Is Remote Work Suited for Early Career Professionals?
Despite the many benefits remote work brings, there is still some argument whether it’s a good idea for everyone.
“Working remotely pretty much destroyed my career,” laments a commenter on a Hacker News thread. They go on to add, “My advice to you is that unless you are at the end of your career, or value working from home over your career prospects for family or health reasons, avoid working 100% remotely, even in fully distributed companies.”
This outburst echoes one of the more prevalent arguments against taking up remote work early on in your career – it will limit your progression.
“I worked remote when I was a junior developer. I think this hindered my growth in a number of ways and I would strongly recommend against it,” another commenter says via a Dev.to thread. “I consider some of those years lost and think I could have advanced much faster in an on-site role.”
Without the physical access to managers and peers that co-location provides, other commenters agree that working remotely can be more difficult early on. They cite a lack in mentorship, more barriers to asking questions and reduced opportunity for connection as reasons against starting your career remotely.
They’re not alone in their thinking either. The widely-sourced Stanford University work from home experiment run by Nicholas Bloom found that remote workers were about 50 percent less likely to get a performance-based promotion than their office-bound counterparts.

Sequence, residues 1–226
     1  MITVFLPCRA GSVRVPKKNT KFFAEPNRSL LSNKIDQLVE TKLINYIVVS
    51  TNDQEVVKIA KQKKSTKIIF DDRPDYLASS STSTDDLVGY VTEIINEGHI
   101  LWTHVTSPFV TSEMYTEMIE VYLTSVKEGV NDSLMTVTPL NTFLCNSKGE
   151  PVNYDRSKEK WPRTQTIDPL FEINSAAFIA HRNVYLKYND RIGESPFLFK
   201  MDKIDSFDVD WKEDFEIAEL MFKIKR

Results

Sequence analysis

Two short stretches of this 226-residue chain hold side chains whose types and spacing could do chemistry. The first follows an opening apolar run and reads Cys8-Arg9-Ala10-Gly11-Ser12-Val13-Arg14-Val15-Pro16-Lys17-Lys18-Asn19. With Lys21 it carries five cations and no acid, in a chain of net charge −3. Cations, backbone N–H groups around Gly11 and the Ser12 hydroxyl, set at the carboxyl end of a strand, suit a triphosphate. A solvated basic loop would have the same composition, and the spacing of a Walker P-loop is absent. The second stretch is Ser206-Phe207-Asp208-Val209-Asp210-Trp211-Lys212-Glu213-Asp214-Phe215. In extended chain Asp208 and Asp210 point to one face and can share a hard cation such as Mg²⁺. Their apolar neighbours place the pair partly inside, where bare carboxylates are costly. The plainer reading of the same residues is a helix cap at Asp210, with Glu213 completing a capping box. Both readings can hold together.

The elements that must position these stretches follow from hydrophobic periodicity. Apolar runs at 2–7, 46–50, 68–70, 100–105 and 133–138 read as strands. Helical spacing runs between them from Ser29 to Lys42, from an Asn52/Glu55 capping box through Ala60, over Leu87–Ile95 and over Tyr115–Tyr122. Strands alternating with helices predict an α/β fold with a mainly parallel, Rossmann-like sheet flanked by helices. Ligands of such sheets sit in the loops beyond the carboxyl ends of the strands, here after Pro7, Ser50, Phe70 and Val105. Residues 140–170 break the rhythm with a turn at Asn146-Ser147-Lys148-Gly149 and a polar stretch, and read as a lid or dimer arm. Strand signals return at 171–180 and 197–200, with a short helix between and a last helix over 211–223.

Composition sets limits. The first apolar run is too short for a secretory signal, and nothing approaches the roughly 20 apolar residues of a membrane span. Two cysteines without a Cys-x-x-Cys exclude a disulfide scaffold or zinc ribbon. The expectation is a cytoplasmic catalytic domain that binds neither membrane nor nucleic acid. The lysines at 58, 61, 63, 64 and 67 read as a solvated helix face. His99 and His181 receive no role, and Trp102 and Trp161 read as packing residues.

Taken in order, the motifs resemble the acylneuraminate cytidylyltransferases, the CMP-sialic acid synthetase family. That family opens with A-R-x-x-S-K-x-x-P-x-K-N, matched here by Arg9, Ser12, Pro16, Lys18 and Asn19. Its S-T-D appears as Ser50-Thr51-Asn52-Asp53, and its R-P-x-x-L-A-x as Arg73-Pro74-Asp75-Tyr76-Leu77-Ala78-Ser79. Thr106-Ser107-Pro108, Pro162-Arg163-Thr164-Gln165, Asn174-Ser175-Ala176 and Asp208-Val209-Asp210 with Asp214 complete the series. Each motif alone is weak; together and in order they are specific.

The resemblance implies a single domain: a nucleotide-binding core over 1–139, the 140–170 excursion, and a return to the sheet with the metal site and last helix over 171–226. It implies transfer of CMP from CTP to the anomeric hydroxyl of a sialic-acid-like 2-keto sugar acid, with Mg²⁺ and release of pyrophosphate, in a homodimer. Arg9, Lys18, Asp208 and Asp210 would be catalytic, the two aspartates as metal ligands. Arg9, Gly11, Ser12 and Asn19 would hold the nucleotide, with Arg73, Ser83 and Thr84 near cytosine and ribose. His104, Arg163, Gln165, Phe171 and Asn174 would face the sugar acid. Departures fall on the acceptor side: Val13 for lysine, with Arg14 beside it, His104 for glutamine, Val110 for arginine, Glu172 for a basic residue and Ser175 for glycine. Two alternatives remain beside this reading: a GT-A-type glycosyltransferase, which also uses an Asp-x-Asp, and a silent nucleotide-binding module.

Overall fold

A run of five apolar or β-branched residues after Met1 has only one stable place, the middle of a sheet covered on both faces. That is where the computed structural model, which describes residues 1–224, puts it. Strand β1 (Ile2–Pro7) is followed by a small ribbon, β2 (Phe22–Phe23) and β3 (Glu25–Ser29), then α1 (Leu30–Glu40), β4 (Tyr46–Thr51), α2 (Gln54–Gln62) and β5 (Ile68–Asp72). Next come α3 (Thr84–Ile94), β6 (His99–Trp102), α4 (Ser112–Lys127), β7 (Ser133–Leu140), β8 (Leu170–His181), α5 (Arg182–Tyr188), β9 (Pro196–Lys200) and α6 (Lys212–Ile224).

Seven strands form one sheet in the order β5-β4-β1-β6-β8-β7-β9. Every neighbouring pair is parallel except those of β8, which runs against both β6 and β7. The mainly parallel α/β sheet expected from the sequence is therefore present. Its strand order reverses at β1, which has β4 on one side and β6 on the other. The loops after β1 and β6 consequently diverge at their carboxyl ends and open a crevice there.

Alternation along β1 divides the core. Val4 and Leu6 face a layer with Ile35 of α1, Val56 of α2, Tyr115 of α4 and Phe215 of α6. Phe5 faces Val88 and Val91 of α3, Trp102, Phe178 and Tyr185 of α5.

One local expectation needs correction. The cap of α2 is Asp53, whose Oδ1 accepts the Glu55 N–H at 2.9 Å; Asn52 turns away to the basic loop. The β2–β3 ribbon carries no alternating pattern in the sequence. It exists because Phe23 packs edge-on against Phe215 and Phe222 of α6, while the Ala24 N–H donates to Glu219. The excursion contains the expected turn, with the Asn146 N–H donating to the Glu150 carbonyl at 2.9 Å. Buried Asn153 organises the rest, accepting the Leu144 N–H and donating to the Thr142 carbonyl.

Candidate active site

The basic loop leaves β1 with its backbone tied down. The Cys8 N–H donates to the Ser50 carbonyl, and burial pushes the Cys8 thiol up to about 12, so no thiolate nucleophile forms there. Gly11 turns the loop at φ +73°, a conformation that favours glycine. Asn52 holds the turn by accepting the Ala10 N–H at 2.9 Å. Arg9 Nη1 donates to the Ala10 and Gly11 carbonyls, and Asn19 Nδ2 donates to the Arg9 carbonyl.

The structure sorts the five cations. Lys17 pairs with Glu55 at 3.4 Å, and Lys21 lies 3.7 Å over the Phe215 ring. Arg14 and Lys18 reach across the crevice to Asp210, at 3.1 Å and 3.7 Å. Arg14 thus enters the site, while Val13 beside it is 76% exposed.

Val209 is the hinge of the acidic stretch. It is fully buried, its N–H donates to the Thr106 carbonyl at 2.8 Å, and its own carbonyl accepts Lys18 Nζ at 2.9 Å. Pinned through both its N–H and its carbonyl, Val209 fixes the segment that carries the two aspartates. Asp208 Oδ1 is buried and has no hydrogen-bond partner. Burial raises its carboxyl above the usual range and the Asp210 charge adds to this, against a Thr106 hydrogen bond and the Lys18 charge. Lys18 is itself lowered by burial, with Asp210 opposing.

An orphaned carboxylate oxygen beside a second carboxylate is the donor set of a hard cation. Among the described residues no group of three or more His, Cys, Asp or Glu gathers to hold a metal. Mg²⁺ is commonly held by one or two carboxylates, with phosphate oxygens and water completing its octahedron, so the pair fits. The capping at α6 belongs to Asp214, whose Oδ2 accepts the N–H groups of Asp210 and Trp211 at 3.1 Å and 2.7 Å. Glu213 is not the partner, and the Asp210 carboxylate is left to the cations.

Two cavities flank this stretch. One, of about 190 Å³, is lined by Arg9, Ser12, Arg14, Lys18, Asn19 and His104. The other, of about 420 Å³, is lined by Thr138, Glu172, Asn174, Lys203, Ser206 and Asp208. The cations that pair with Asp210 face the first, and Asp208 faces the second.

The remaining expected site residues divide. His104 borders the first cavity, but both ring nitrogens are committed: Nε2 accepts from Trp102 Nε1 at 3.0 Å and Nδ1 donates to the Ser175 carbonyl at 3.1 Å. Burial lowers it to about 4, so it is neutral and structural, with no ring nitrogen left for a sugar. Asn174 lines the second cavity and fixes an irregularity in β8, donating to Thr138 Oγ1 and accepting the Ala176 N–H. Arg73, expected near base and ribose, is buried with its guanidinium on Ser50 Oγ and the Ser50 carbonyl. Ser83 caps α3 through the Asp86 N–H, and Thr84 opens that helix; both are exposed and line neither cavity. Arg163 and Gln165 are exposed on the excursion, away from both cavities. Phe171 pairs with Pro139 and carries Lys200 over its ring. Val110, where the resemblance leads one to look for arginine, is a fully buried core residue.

While the study didn’t look into the causes in any in-depth manner, Nicholas did offer up speculations.
“It could be they are ignored [because they’re] at home. It could be you actually need to be in the office to make a good manager. Or it could be people who have the option to work from home refuse promotions,” Nicholas says.
This isn’t just theoretical. Laurel Farrer, CEO of Distribute Consulting a management consulting firm helping companies to integrate proper remote work policies and strategies, often sees remote workers overlooked for promotions.
“This is actually one of the main reasons that remote work can become discriminatory,” she says. “So many promotions are based on top of mind experiences and on visibility.”
Laurel knows that without changing management styles or general mindsets of what work should look like, this experience will continue for remote workers regardless of their career level.
A study published in the MIT Sloan Management Review has similar findings. It stated that both managers and colleagues are influenced by “passive face time,” or in other words seeing someone regularly.
“We were literally taught that in college. Be the first one to go to work and be the last one to leave, and that’s what gets you a promotion,” Laurel says.
But this traditional value signaling doesn’t work in a remote setting. No one can see if you work late or start early. There are also fewer opportunities to ‘run into’ your management team during the week or at after-work social events...read more
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